As world leaders gathered at Auschwitz last week to mark the 60th anniversary of its liberation, a former U.S. pilot reopened a decades-old debate over whether the Allies should have bombed the death camp to shut down Nazi gas chambers. The pilot: George McGovern, now 82, who for the first time is publicly telling the story of his mission over occupied Poland in a B-24 Liberator in December 1944.
"There is no question we should have attempted . . . to go after Auschwitz," the former Democratic senator and presidential nominee says in a taped interview shown at a forum on Capitol Hill. "There was a pretty good chance we could have blasted those rail lines off the face of the Earth, which would have interrupted the flow of people to those death chambers, and we had a pretty good chance of knocking out those gas ovens."
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McGovern, whose squadron bombed Nazi oil facilities less than five miles from Auschwitz, spoke on camera with interviewers from Israel Television and the David S. Wyman Institute for Holocaust Studies. "He was a rare eyewitness to the fact that the Allies could have bombed the camps," the institute's director, Rafael Medoff, told us. Medoff and former congressman Steve Solarz wrote an op-ed article that appeared in several newspapers Thursday quoting McGovern and questioning U.S. rationale for not bombing Auschwitz in the summer, fall and winter of 1944.
The issue of Allied capability and willingness to take out the rail lines to Auschwitz and its death chambers remains contentious. "Given the way we look at it now, with eyes of 2005, it would have been a gesture to have bombed," Peter Black, a senior historian at the U.S. Holocaust Memorial Museum, told us. But had the rail lines been destroyed, he points out, the Nazis might simply have resorted to shooting Jews slated for deportation.
As for the gas chambers, "at that time we just couldn't pinpoint individual buildings with strong success," Black says. "In order to bomb and make sure of knocking them out, we would have had to carpet-bomb the place, like Hamburg or Dresden" -- thus killing thousands of prisoners. "If bombing would have killed the people who are alive today, it's almost a nonsensical question. It's really an issue of how many people would we have saved."
But McGovern argues "it was certainly worth the effort, despite all the risks" and notes that prisoners were already "doomed to death." While calling President Roosevelt "my political hero," McGovern faults him for the decision "not to go after Auschwitz. . . . God forgive us for that tragic miscalculation."
(Note: We tried to reach the former South Dakota senator, but his office said he was driving cross-country last week to Florida with his wife and dog -- but no cell phone.)
Larry Summers, Dumping a Little Noise Pollution
Harvard President Larry Summers has issued three increasingly lengthy explanations to quiet the clamor over his recent remarks suggesting that "innate" differences between the sexes might explain why fewer women pursue science and math careers. The flap prompted one Washingtonian with a long memory -- Ralph Nader -- to call us and point out that it's not the first time the former treasury secretary has suffered from foot-in-mouth disease.
For years the Nader-founded Multinational Monitor magazine has issued a "Lawrence Summers Memorial Award" for ill-considered statements. It references a memo that Summers, then at the World Bank, wrote in 1991. "I think the economic logic behind dumping a load of toxic waste in the lowest-wage country is impeccable and we should face up to that," he wrote, adding, "I've always thought that under-populated countries in Africa are vastly under-polluted." The memo was leaked and Summers quickly apologized, saying it was meant to be "sardonic."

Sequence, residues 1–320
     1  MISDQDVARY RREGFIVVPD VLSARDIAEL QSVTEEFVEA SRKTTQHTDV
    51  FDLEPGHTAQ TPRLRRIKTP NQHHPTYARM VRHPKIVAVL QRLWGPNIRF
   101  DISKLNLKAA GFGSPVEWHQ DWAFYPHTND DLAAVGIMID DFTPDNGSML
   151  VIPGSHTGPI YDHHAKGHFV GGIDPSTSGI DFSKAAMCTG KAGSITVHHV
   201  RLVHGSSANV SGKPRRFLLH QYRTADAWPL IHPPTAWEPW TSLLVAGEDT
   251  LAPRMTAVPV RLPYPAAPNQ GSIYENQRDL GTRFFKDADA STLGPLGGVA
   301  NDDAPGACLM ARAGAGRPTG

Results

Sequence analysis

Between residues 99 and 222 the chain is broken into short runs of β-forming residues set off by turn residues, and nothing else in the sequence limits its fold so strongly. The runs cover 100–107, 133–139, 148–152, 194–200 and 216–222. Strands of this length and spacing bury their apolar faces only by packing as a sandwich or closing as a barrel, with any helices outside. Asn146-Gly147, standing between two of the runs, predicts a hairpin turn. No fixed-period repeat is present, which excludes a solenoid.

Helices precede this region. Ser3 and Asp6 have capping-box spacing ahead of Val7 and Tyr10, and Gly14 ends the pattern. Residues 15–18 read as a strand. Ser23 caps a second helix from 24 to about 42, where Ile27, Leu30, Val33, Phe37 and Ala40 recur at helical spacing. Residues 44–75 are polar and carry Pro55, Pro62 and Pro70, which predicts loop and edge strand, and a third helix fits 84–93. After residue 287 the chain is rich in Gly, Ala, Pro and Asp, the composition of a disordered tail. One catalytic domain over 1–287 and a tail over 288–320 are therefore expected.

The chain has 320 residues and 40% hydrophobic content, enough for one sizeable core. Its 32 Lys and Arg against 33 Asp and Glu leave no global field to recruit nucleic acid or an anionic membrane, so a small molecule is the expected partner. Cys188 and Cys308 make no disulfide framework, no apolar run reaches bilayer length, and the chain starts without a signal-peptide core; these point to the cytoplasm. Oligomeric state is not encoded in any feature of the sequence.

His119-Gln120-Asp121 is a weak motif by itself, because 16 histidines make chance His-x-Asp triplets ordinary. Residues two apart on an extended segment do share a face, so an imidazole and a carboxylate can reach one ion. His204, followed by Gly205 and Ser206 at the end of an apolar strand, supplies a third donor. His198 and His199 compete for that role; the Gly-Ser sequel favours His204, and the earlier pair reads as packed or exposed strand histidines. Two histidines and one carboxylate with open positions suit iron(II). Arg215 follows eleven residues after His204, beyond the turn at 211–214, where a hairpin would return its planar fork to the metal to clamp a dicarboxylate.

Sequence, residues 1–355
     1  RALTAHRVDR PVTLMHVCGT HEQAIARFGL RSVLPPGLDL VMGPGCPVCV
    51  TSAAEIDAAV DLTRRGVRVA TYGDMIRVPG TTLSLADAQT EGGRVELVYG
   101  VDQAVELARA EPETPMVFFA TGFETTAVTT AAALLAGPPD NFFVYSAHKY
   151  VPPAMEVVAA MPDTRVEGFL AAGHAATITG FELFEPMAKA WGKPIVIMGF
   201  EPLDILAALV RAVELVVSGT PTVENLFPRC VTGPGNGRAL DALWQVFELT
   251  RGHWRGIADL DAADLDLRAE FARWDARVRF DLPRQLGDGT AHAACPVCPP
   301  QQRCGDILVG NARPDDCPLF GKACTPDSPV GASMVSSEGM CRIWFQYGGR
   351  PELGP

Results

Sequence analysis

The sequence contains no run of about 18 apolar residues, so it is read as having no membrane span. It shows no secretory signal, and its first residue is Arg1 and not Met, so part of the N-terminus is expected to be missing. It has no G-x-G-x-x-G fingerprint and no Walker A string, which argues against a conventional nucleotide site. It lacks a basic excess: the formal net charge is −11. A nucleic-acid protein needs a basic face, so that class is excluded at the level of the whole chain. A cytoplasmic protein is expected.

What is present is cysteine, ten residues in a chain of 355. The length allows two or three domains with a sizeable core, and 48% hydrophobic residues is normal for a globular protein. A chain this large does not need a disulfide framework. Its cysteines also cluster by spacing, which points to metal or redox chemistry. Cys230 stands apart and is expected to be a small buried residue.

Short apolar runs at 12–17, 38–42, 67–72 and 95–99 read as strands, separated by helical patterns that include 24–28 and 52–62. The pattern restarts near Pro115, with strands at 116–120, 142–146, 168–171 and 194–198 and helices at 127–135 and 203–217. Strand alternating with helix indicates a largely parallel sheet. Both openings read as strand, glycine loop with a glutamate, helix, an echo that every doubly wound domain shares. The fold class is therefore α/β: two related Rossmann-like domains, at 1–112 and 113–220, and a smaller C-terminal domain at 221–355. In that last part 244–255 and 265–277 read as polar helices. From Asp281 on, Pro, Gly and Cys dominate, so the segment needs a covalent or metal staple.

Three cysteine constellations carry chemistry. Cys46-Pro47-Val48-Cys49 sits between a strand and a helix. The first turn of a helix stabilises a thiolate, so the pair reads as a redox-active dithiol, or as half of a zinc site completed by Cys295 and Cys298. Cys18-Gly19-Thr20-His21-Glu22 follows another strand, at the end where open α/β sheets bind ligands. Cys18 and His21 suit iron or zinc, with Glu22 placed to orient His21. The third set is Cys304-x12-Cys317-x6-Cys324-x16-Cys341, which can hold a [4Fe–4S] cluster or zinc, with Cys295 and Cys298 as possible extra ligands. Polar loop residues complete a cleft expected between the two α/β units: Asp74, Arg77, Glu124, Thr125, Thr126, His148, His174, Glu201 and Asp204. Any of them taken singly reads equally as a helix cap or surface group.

For the High-Gloss Lifestyle, a High-Gloss Magazine
Jason Binn publishes slick city mags that cater to glamorous people: He's behind Ocean Drive in Miami, Gotham in New York, Hamptons on Long Island, Aspen Peak and Los Angeles Confidential. Now he's wagering that his formula will work in Washington. During inauguration week, Binn, 37, came here to schmooze and talk up Capitol File, a quarterly that he says will launch in the fall.
"We're going to bring together some of the biggest boldface names in Washington as contributors," Binn tells us. "We're looking to give Washington a really luxe, full-color, glossy, comprehensive read. It'll be like a coffee-table book." The fast-talking, name-dropping Binn, a fixture on the New York party circuit, says Capitol File won't just focus on pretty faces, social climbers and fashionistas but also will cover politics, business and art. (Local angle: Binn's older brother, Jonathan P. Binstock, is curator of contemporary art at the Corcoran; he uses the family's original name.)
In competing with Washington Life and the monthly Washingtonian, Binn says his mag will be mailed free "to all the homes valued at over $1 million." He's also craving another rich market: Capitol File's promo for advertisers boasts of "a unique distribution partnership with NetJets," a private jet outfit. "With an average customer's net worth of $25 million, you will be in good company." Lofty targets indeed.
Former first lady Betty Ford has handed over control of the Betty Ford Center to daughter Susan Bales but will remain on the board of the famed substance-abuse treatment center in Rancho Mirage, Calif. "She'll still be there, and she'll be working with the patients," Bales told the Dallas Morning News last week. "But she's 86 years old, and my father is 91. She's wanting to relax and enjoy her life, and she's earned that." Bales, 47, led the family intervention in 1978 that resulted in her mother's treatment for alcohol and prescription drug addiction.